1980s

The 1980s saw such a growth rate in demand that generation and transmission resources were stretched. The arrival of Kinsale gas into Dublin and Cork brought strong competition in the home heating and cooking markets. A new approach to advertising was needed. Advertising in general was becoming more sophisticated and the biggest change was noticeable in television advertising. It was no longer enough to merely promote the product , television adverts now had to tell a story. The basic principal was to promote a brand image, sublimate a connection in the consumer’s mind with the product and your brand .

ESB’s advertising contract moved from O’Keeffe’s to Peter Owens Ltd. in 1986 and the Agency created some of the most memorable ESB television adverts ever made – ‘Father and Baby’, ‘Deb’s Dance’ and ‘Going Home’. The theme was one ESB was to use again and again – the invisible, always available, energy – electricity – echoed in the end-line ‘Electricity brings living to life’. New and vigorous advertising campaigns promoted everything from electric storage heating  to tumble driers, cookers and hot water . Tag lines were used extensively – THINKELECTRIC, PLANELECTRIC, HEATELECTRIC, COOKELECTRIC to emphasise the all-embracing qualities of the electric option.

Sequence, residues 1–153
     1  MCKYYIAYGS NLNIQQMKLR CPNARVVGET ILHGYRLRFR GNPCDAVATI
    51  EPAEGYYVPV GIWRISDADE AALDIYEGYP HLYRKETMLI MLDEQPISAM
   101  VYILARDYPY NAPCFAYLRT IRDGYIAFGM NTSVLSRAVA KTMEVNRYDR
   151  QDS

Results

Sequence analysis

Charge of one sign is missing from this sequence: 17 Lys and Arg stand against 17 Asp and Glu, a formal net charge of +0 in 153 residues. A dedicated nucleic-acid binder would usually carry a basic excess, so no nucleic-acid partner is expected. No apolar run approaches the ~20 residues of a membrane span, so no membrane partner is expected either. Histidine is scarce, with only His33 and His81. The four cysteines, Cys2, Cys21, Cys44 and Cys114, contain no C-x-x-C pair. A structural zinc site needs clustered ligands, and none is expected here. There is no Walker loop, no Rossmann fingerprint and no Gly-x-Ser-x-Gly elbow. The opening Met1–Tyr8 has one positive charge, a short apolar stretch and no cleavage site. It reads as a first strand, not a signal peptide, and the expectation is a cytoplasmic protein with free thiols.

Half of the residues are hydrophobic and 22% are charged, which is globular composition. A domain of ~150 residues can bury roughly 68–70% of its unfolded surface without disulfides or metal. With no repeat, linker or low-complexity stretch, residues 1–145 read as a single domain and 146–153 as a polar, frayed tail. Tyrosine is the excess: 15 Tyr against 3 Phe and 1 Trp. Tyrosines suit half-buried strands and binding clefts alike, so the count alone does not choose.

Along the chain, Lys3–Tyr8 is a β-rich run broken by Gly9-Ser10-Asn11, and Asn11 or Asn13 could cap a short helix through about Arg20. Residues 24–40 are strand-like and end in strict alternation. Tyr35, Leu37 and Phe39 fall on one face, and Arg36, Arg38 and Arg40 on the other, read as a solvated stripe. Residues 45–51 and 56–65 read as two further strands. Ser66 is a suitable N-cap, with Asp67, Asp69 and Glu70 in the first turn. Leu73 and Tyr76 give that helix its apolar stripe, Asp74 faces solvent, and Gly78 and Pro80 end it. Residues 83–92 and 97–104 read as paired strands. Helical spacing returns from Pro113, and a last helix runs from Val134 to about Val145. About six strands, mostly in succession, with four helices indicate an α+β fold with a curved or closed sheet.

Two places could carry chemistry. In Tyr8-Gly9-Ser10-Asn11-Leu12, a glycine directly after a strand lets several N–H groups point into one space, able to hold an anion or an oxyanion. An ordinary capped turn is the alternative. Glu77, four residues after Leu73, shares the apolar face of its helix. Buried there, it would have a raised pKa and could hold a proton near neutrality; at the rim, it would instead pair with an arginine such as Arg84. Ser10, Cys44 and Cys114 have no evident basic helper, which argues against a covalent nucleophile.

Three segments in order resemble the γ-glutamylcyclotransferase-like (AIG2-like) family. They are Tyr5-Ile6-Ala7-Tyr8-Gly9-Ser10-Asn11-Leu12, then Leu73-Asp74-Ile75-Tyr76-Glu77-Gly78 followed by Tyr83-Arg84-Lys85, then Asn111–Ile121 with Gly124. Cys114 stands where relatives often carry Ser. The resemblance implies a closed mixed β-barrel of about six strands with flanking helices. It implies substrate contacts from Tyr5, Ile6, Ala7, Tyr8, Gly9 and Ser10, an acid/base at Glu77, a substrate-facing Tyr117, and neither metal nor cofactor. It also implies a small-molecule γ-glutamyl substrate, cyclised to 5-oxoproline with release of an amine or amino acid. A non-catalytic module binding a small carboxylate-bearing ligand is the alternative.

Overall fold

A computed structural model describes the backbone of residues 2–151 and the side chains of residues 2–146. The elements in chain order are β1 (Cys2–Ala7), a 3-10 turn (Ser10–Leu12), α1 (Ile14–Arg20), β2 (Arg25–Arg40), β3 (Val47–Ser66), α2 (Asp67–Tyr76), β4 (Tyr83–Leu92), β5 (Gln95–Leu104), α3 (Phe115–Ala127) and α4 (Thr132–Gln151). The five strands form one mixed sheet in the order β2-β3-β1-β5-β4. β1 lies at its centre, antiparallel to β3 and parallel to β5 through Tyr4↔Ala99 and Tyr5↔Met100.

New into ESB portfolio was the branded NightSaver concept to put a keener marketing edge to lower priced night-time electricity.  In order to encourage prompt payment the WINELECTRIC draw was introduced.

The mid 1980’s also saw a new approach to shop advertising . Hard hitting highly competitive advertising was prepared ESB for the competition from the electrical superstore and entry into the brown goods market.

As the 1980s drew to a close, energy efficiency was with us once again and a combination of environmental concerns and shrinking capacity was to colour the advertising campaigns in the early years of the following decade . And a new approach in ESB advertising and public relations came into being – sponsorship .

The ‘Going Home’ advert was first screened in December 1985 on RTE 1.

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